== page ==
After supper He took another cup of wine and said, "This cup is the new covenant between God and His people—an agreement confirmed with My blood, which is poured out as a sacrifice for you.
"But here at this table, sitting among us as a friend, is the man who will betray Me.
For it has been determined that the Son of Man must die. But what sorrow awaits the one who betrays Him."
The disciples began to ask each other which of them would ever do such a thing.(Luke 22:20-23)
For I received from the Lord that which I also delivered to you, thatthe LordJesusin the night in which He was betrayedtook bread;
andwhen He had given thanks, He broke it and said,"This is My body, which is for you; do this in remembrance of Me."
In the same wayHe tookthe cup also after supper, saying, "This cup is the new covenant in My blood;do this, as often as you drink it,in remembrance of Me."
For as often as you eat this bread and drink the cup, you proclaim the Lord's death until He comes. (1 Cor 11:23-26)
Luke is the only one to follow the Last supper segment with the betrayal motif. "Sitting among us as a friend, is the man who will betray Me."
Well that makes clear what I talked about yesterday doesn’t
it. I have left the comparison with Paul's Communion saying in this Gem. It is important. Paul and Luke are in parallel here. Remember Paul and Luke have been together on the journey through Asia Minor. I am sure they talked about their thoughts. I wonder too whether Paul saw an early draft of Luke's Gospel. Although I am sure both would have been well aware of the Church tradition of this saying. It is clear that both knew of it because both include it in their writings.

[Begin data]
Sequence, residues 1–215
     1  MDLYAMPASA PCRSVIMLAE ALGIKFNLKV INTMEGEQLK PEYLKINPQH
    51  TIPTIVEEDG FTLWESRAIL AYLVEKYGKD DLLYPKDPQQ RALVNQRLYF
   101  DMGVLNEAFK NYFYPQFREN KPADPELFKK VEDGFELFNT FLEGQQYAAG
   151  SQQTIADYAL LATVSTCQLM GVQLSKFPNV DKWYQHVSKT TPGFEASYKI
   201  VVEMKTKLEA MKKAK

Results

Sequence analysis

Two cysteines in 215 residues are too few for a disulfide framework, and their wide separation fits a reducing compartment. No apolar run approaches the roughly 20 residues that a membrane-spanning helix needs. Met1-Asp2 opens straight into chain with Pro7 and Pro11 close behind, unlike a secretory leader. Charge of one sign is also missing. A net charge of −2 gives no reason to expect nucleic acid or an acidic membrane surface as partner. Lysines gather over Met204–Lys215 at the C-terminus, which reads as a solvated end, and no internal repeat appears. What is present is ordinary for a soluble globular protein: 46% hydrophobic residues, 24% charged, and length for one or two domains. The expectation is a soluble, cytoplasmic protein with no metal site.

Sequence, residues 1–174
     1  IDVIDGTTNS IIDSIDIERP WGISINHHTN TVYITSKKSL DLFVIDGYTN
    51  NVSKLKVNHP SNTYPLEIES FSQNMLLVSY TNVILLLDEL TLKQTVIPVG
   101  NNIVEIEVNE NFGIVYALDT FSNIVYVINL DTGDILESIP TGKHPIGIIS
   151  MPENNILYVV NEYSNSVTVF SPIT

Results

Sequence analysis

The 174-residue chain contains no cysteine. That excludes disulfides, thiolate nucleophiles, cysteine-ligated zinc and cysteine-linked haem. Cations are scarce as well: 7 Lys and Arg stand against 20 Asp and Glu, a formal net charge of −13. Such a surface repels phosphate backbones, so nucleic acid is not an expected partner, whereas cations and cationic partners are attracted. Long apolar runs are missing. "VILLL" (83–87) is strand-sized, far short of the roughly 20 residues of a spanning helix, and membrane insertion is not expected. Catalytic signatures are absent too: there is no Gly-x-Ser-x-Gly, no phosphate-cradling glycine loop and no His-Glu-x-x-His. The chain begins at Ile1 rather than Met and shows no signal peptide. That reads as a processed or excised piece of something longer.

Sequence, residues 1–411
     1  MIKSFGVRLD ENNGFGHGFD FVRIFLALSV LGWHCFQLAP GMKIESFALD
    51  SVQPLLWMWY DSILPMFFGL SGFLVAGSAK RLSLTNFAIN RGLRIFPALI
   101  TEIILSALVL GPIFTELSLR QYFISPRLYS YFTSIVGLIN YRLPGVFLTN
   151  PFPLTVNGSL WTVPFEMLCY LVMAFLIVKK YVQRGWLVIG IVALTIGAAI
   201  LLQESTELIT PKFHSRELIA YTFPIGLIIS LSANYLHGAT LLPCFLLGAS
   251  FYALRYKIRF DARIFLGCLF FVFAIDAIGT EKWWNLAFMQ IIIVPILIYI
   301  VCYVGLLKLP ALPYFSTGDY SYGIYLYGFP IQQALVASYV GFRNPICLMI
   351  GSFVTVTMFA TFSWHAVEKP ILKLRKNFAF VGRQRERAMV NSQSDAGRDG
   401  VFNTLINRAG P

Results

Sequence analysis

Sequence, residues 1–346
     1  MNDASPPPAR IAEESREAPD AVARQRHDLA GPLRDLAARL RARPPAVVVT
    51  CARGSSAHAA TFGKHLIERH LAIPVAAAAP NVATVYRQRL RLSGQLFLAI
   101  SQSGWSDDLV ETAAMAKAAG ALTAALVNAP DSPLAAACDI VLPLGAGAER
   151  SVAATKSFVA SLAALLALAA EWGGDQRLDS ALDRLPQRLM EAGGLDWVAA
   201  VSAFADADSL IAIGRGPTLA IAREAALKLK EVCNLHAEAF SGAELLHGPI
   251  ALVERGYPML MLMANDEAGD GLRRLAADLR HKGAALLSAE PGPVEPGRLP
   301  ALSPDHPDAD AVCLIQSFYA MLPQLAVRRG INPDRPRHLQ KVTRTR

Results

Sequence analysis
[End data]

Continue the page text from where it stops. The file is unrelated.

Luke is the only Gospel writer to link the Last Supper with the betrayal like he has. John includes the betrayal segment in Chapter 13 but he doesn't refer to the Last Supper in the way the Synoptic writers do. Mark places the betrayal motif at the beginning of the last Supper and Matthew follows his lead. Luke makes the betrayal a feature and brings it into the intimacy of the Last Supper. The nature of the sentence in Luke places the betrayal right at the table at the Last Supper. There is a stark contrast in that juxtapositioning. Any event happeningat the tablebrings that event right into the centre of the household. In this case the betrayal is brought into the centre of the household of faith. To the extent that the disciples began to ask each other, which of them would ever do such a thing? Notice the discussion is a moot point for any one of them. They were asking each other who it could have been? It was not obvious to any one of them that it was Judas. It could have been any among them. That is sobering. I wonder if that isn't Luke's point in this arrangement of this material. Only Luke makes the connection so pointedly.
Luke then follows this inclusion immediately with the dispute between the disciples as to who is the greatest. Now that is also an interesting juxtaposition. The other two synoptic writers include the prediction of Peter's denial but they have it set on the walk to the Mount Of Olives. Luke slams it up against the dispute which follows immediately on from the Last Supper segment. Luke has been rearranging the material again in a very telling way. Well he did warn us this was an ordered account, just not chronologically.